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Pentecost 22C Sermon
Job 19: 23-27, Luke 20: 27-38
10, 2019


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Job 19:23-27

O that my words were written down!
O that they were inscribed in a book!
O that with an iron pen and with lead
they were engraved on a rock for ever!
For I know that my Redeemer lives,
and that at the last he will stand upon the earth;
and after my skin has been thus destroyed,
then in my flesh I shall see God,
whom I shall see on my side,
and my eyes shall behold, and not another.

Luke 20:27-38

Some Sadducees, those who say there is no resurrection, came to him and asked him a question, ‘Teacher, Moses wrote for us that if a man’s brother dies, leaving a wife but no children, the man shall marry the widow and raise up children for his brother. Now there were seven brothers; the first married, and died childless; then the second and the third married her, and so in the same way all seven died childless. Finally the woman also died. In the resurrection, therefore, whose wife will the woman be? For the seven had married her.’
Jesus said to them, ‘Those who belong to this age marry and are given in marriage; but those who are considered worthy of a place in that age and in the resurrection from the dead neither marry nor are given in marriage. Indeed they cannot die any more, because they are like angels and are children of God, being children of the resurrection. And the fact that the dead are raised Moses himself showed, in the story about the bush, where he speaks of the Lord as the God of Abraham, the God of Isaac, and the God of Jacob. Now he is God not of the dead, but of the living; for to him all of them are alive.’

May the grace, mercy and peace of God be with us in the name of our risen Lord and savior, Jesus Christ; Amen.

I don’t believe that I have ever preached a sermon based on a passage from the book of Job before, so this is a bit of a first for me. Most of us know the story – Job is a good and upright person … God brags about him to the Satan, who then says, “Sure, he has it all … let me take everything he loves away from him and see how he handles it.” God allows this to happen, and the rest of the book is a dialogue between Job, God and Job’s friends about why this good man is in such utter physical and emotional pain … there MUST have been something he did to deserve it, his friends “assure him.” He searches his memory and cannot even come up with one incident where he was unfaithful. And yet here he was, loving family dead, his crops ruined, animals either killed or taken away by enemies, and finally sores covering his whole body. Yet the whole while, Job does not cease praising God. His wife does not understand it, nor do his friends … and if we are honest, we do not either. We would be crying out, “What have I done to deserve this?!?!” And just as happened with Job, no answer comes to us … because there is no answer.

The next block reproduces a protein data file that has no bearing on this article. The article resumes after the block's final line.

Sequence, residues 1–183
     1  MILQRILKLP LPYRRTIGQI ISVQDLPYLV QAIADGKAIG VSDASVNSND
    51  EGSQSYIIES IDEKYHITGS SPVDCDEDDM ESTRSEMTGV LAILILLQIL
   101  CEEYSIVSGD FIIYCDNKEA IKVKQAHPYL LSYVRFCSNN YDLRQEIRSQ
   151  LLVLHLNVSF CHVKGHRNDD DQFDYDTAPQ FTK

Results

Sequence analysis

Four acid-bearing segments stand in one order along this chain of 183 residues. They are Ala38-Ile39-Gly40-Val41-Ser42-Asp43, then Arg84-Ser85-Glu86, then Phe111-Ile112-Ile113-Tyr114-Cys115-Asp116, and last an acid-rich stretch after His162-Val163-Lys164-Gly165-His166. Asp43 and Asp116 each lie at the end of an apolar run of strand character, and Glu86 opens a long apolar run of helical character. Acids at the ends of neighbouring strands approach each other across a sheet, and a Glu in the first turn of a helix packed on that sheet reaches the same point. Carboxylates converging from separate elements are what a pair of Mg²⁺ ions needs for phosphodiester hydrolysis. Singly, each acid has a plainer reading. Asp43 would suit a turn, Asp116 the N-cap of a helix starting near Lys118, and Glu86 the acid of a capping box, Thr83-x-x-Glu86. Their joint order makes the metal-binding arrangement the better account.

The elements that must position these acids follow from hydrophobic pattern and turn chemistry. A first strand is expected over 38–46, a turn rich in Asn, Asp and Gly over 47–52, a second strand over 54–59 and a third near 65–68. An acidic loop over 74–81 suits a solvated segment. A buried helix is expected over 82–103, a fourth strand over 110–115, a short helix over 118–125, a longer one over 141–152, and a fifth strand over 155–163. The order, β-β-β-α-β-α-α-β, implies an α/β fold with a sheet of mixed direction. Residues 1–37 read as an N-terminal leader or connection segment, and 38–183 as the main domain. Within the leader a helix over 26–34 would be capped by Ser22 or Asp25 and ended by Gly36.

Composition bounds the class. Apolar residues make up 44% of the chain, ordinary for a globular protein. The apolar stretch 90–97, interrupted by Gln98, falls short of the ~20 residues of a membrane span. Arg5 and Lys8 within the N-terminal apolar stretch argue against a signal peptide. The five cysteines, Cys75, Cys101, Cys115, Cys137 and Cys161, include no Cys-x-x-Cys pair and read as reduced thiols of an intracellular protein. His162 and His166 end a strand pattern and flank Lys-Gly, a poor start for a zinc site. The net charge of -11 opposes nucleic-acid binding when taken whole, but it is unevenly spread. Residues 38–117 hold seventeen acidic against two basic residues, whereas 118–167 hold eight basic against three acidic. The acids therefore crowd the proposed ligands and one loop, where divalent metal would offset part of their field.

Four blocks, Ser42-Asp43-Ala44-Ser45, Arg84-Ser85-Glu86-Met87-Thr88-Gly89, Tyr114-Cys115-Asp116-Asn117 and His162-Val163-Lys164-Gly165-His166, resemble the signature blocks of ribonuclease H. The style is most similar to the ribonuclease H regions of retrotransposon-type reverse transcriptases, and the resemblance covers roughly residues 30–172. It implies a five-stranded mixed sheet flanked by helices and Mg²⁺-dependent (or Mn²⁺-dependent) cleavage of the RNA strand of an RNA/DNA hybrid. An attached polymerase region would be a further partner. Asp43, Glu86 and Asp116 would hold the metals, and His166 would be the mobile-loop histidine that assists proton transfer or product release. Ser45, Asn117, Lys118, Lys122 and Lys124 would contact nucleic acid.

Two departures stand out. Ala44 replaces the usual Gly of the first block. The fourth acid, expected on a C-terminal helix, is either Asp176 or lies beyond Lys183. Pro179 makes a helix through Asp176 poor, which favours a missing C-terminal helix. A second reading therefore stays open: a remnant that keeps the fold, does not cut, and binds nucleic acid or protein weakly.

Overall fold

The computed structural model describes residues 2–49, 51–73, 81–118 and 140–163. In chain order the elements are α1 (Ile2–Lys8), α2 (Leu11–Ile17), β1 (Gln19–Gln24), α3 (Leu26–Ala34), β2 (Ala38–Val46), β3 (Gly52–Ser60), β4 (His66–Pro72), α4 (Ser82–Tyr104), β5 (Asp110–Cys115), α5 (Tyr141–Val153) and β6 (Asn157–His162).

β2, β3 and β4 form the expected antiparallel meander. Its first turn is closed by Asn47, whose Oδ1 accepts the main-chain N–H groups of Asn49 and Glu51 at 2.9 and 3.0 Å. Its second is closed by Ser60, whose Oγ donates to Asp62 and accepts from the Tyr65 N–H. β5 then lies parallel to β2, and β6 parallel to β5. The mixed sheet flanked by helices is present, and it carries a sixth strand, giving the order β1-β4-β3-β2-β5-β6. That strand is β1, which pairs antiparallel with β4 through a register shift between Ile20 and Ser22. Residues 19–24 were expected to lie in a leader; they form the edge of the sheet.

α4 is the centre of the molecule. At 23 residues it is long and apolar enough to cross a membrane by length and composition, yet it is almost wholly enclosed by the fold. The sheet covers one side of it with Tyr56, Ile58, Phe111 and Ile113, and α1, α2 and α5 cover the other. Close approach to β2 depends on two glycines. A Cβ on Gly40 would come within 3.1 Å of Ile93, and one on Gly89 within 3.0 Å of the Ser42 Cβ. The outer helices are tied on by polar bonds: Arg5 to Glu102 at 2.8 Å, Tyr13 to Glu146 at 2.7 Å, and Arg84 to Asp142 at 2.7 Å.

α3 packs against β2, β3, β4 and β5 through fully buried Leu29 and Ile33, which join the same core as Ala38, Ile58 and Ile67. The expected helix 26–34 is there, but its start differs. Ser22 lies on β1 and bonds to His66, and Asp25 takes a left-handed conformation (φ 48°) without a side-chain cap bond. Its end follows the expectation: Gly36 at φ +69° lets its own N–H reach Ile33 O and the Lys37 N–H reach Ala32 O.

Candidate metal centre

The heart of this passage is verse 25, where Job proclaims, “I know that my Redeemer lives, and that at the last he will stand upon the earth; and after my skin has been thus destroyed, then in my flesh I shall see God.” When we hear those words, a few things go through our minds … if you are musical the tune to this part of Handel’s Messiah instantly gets stuck there … “I know that my redeemer liveth …” It is a memorable soprano aria that inspires our faith. Regardless of your musical ability, though, you probably associate Jesus Christ with the redeemer of which Job speaks. Even though this was written hundreds of years before Jesus’ earthly life, we still apply these words as prophecy to the coming of the one that God has sent to redeem, or to, “buy back” those who have fallen into slavery to sin … redeem means, “to buy back” after all.

But I want you to do something that I rarely ask people to do in the case of a passage like this one. I want you to hear Job’s words literally – not figuratively or prophetically, but as witness to his faith, a statement that proclaims that the one who will free him from all of his afflictions is alive – that Job knows him – heck, he is probably a close friend or family member. To say that your deliverer is alive and at work to free you is a much more faithful and powerful statement than to say, “What did I ever do to deserve this?”